Follow The Money which started in Nigeria over seven years ago, has chapters in Kenya, The Gambia, Cameroon and Liberia. As the largest social mobilization & accountability movement in Africa, it has advocated, visualized and tracked USD 10 million meant for social development across African grassroots communities, impacting directly over 2,000,000 rural lives. F
CODE is a Non-Governmental Organization, whose mission is to improve access to information and empower local communities in Africa. Its Follow The Money initiative tracks government and international aid spending in rural communities to ensure and promote open government and service delivery. Since 2012, CODE has tracked an estimate of USD 1 million (in budgeted sums for projects) across 100 communities in over 25 Nigerian states, improving over 1 million rural lives.
CODE is an INEC Accredited Observer for the 2019 Nigerian General Elections. CODE observed electoral processes in Kenya in 2013, Nigeria in 2015 and the USA in 2016, seeking to ensure peaceful electoral process, promote national reconciliation and improve quality of elections in these countries.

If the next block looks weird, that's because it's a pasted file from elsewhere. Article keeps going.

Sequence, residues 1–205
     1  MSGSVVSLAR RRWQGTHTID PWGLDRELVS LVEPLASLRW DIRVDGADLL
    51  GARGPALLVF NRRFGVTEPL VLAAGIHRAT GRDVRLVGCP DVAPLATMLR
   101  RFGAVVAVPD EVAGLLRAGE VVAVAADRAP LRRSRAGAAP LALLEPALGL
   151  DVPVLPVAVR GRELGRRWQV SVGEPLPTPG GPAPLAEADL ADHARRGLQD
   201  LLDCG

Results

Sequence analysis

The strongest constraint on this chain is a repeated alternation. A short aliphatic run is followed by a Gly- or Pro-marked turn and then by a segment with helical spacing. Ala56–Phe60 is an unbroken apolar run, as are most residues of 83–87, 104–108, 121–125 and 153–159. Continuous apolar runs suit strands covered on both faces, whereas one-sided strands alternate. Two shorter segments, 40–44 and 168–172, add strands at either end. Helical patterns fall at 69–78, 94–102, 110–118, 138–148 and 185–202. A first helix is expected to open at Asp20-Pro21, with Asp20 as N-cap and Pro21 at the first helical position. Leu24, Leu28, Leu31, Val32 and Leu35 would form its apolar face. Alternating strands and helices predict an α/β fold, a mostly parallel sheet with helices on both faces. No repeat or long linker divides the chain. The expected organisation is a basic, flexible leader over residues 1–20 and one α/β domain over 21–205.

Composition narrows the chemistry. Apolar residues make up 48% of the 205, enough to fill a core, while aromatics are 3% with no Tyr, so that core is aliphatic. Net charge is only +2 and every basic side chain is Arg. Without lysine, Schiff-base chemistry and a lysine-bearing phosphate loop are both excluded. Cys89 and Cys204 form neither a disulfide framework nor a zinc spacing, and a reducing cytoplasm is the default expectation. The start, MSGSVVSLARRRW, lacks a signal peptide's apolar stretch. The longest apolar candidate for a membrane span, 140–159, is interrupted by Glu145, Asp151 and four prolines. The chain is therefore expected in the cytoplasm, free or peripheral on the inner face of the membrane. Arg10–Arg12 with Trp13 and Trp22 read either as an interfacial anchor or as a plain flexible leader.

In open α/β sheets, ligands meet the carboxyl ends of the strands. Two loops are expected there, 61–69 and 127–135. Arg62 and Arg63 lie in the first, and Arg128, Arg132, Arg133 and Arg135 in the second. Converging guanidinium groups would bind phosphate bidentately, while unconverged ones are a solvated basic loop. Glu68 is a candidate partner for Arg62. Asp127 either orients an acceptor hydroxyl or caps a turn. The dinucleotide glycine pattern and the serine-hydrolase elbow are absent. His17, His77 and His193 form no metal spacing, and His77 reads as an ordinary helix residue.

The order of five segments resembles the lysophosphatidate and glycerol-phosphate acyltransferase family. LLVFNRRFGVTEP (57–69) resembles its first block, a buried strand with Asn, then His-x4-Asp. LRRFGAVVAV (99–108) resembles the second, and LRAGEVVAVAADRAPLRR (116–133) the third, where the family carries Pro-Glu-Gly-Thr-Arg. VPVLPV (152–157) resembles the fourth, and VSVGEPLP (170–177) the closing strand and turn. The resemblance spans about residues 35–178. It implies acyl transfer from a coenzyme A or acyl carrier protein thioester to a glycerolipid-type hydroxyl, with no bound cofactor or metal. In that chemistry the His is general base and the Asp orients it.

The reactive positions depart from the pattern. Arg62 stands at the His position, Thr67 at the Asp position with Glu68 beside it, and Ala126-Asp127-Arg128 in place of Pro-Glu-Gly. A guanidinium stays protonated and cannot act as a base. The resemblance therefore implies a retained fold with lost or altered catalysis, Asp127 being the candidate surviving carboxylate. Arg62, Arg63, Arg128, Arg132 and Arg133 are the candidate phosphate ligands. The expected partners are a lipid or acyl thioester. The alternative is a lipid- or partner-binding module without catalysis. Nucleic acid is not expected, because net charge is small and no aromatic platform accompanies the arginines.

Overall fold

Connected Development presents, today, its Final Report on the Nigerian 2019 Presidential Election that held 23 February 2019. The report is being presented by the Head of Mission, CODE Election Observation team, Hamzat Lawal, to members of the press, the government, civil society groups, political parties and other national stakeholders.
The aim of this report is to recount findings by our tech election observation platform Uzabe mapping tool to national stakeholders, highlight recommendations which CODE believes can impact on the improvement of a more credible electoral process in Nigeria in the future.
We have also proposed recommendations for consideration by the Independent National Electoral Commission and relevant stakeholders on how to further improve future elections. These recommendations are offered to help address a number of the shortfalls outlined on Uzabe and to serve as benchmarks for assessing the commitment of the current administration in advancing democracy in Nigeria.
Uzabe Findings and Analysis
In preparation for the Nigerian 2019 Nigerian Presidential and National Assembly Elections, Connected Development [CODE], launched Uzabe, a real-time (web-based map) situation technology, for gathering real-time security intelligence and observing the electoral process. With Uzabe mapping tool, CODE established early warning systems for communities and voters; and strengthened mitigation and emergency response during the Presidential and National Assembly elections.